An experiment performed onboard the International Space Station (ISS) has revealed the potential dangers posed by space radiation during human space flights.
Conducted by a team of international researchers, the long-term ISS experiment analysed the effects of space radiation on mouse embryonic stem cells, an endeavour that will further scientists’ knowledge of the safety and risk associated with human space flights.
The research is published in the journal Heliyon.
The commercial launch of human space flight
Space flight is becoming increasingly common, with ordinary citizens now granted the possibility of travelling beyond our little blue planet and long-term crewed flights to deep space, such as Mars and the Moon, also on the horizon.
However, one of the limitations of crewed exploration is the potential impact of space radiation. Experts have carried out comprehensive studies to investigate the effects on the human body, but due to the majority of these being performed on the ground, not in space, the results yielded various uncertainties.
This is because space radiation is comprised of a range of particles with different energies, and astronauts are constantly irradiated with low-dose rates, meaning the space environment cannot be accurately reproduced on the ground.
Takashi Morita, a professor at the Graduate School of Medicine, Osaka Metropolitan University, explained: “Our study aims to address the shortcomings of previous ground-based experiments by performing a direct quantitative measurement of the biological effect of space radiation on the International Space Station and comparing this real biological effect with physical estimates in the ground-based experiments.”
Is space radiation dangerous?
For their investigation, the researchers performed a direct quantitative measurement of the biological effect of space radiation. They achieved this by launching 1,500 cryotubes containing highly radio-sensitised mouse embryonic stem cells to the ISS.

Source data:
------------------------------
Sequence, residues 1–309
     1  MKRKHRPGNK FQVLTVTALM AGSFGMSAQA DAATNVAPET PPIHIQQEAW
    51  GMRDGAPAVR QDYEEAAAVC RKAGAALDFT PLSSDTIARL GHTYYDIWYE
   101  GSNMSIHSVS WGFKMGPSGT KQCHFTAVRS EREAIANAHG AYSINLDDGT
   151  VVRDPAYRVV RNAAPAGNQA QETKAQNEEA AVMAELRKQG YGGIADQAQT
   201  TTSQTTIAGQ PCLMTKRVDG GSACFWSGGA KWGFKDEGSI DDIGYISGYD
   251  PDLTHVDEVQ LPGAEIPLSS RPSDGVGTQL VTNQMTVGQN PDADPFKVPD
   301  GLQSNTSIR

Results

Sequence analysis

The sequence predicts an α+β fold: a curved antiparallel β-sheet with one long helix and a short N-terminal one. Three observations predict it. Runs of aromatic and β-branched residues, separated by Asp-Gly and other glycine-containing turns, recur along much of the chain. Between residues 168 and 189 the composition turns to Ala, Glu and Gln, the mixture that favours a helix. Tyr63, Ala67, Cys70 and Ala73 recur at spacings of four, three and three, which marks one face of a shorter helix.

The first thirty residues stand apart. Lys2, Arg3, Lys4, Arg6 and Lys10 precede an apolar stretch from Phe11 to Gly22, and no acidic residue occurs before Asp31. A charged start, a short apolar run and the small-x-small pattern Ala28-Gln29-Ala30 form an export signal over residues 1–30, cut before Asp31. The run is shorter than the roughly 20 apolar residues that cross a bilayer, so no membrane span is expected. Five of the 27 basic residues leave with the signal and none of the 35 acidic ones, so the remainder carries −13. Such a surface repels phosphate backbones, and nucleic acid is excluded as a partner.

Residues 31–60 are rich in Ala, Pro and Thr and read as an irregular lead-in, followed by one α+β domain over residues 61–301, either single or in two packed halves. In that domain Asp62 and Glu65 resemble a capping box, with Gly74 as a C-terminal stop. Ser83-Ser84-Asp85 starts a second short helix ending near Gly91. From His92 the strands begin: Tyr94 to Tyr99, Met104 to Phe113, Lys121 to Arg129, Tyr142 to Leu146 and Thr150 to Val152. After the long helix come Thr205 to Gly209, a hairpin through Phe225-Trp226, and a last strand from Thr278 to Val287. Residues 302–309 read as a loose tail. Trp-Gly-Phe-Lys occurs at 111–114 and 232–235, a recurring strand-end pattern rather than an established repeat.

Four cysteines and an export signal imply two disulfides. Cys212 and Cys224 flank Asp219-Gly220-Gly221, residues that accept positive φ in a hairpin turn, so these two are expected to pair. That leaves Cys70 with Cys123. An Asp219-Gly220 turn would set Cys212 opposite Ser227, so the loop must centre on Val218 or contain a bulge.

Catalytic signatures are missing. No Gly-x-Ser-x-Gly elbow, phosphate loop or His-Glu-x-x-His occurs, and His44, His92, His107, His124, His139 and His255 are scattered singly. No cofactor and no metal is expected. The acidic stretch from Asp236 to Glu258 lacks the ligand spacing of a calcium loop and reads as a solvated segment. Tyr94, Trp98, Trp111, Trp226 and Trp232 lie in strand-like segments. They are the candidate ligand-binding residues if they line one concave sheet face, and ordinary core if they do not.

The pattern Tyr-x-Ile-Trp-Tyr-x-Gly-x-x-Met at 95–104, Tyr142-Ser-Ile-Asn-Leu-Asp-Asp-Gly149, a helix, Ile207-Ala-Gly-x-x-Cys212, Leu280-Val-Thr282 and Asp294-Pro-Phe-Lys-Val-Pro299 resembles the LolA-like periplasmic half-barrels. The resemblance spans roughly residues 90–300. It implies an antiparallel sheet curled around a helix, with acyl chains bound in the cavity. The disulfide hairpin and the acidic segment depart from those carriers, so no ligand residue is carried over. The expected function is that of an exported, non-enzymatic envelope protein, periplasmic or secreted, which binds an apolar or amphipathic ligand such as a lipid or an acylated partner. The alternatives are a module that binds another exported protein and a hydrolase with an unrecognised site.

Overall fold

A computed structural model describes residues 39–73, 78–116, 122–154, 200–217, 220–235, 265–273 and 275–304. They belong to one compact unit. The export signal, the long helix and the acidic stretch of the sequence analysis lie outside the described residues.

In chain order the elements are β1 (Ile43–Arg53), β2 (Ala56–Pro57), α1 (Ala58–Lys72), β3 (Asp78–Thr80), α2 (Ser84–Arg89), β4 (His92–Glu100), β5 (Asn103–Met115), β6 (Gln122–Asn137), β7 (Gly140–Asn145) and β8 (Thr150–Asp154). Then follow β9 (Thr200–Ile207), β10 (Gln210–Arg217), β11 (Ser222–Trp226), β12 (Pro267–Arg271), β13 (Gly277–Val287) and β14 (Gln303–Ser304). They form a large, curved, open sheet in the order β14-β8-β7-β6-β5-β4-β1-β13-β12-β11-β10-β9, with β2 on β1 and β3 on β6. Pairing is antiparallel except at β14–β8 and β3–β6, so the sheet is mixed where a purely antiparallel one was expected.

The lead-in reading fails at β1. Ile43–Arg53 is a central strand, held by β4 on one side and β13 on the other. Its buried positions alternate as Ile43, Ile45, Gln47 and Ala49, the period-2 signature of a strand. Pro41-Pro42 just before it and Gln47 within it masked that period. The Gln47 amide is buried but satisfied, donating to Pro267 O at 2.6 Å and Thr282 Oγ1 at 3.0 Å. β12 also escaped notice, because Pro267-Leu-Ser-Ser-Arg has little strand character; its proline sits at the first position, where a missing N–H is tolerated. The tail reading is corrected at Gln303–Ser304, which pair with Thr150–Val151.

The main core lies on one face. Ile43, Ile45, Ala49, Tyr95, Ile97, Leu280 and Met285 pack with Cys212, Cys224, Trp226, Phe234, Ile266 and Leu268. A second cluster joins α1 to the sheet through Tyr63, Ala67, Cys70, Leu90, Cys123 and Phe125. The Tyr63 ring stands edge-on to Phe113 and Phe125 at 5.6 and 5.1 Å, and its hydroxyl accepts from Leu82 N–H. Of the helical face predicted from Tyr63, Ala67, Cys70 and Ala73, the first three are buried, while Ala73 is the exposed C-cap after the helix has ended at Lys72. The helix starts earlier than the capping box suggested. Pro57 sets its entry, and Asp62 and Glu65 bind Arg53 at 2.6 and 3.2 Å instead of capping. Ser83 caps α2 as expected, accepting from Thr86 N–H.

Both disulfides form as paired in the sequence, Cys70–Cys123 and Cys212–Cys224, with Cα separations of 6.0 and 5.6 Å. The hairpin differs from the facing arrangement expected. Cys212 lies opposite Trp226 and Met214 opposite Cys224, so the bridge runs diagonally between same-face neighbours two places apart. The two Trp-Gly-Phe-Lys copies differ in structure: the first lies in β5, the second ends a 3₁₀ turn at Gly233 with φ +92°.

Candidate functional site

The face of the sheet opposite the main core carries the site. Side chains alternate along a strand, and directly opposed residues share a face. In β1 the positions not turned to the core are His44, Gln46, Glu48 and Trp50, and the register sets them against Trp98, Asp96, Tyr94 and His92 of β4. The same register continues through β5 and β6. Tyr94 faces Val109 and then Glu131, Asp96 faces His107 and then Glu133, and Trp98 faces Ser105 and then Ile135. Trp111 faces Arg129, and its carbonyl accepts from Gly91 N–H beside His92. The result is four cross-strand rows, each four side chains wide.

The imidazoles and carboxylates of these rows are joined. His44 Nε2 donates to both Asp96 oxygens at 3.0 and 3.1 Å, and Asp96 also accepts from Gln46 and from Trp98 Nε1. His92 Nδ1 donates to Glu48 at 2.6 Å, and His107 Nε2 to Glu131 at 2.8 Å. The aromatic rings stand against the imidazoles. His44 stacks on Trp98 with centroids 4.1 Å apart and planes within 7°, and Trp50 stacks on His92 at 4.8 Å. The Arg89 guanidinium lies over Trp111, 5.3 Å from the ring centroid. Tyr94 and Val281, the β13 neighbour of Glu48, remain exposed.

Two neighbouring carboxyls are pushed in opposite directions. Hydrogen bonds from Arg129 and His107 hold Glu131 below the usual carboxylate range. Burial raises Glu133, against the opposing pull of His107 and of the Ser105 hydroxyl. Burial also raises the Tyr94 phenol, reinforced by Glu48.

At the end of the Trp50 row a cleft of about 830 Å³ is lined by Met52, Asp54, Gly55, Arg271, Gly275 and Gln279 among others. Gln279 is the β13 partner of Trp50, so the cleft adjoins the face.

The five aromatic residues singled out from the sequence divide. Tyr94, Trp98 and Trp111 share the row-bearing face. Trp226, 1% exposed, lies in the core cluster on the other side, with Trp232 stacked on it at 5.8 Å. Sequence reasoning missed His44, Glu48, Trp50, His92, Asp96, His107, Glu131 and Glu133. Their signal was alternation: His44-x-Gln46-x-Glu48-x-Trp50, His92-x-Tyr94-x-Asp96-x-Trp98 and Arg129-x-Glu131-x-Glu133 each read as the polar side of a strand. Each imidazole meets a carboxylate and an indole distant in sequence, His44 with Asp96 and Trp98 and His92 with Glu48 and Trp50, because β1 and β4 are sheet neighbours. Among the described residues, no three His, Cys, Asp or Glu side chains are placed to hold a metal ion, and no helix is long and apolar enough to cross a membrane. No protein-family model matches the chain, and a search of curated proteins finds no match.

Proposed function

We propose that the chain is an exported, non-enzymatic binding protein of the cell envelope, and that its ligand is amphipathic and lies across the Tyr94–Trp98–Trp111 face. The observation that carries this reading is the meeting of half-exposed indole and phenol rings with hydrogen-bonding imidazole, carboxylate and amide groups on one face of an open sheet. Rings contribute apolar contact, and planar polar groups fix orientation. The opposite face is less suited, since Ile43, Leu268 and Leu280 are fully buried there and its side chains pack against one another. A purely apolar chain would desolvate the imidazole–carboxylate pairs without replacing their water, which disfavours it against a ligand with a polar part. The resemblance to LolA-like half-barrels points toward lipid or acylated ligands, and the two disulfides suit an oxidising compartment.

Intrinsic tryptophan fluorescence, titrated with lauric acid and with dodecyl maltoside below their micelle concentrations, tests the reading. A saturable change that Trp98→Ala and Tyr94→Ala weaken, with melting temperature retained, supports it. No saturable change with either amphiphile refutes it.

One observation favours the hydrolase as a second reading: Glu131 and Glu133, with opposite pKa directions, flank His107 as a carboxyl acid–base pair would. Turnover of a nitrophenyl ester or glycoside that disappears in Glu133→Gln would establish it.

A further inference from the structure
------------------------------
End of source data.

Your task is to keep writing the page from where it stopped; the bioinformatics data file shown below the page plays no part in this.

Aboard the ISS, the stem cells were exposed to space radiation for over four years, allowing the team to assess the biological effect by examining chromosome aberrations. The results demonstrated that the actual biological effect of space radiation was similar to earlier predictions based on the physical measurement of the radiation.
Professor Morita commented: “It was difficult to prepare the experiment and to interpret the results, but we successfully obtained quantitative results related to space radiation, meeting our original objective.
“For future work, we are considering using human embryonic stem cells rather than mouse embryonic stem cells given that the human cells are much better suited for human risk assessment, and it is easier to analyse chromosome aberrations.”
The researchers are also considering launching individual mice or experimental animals to monitor their chromosome aberrations in space.
“Such experiments in deep space can further contribute to reducing uncertainties in risk assessments of prolonged human journeys and stays in space,” concluded Professor Morita.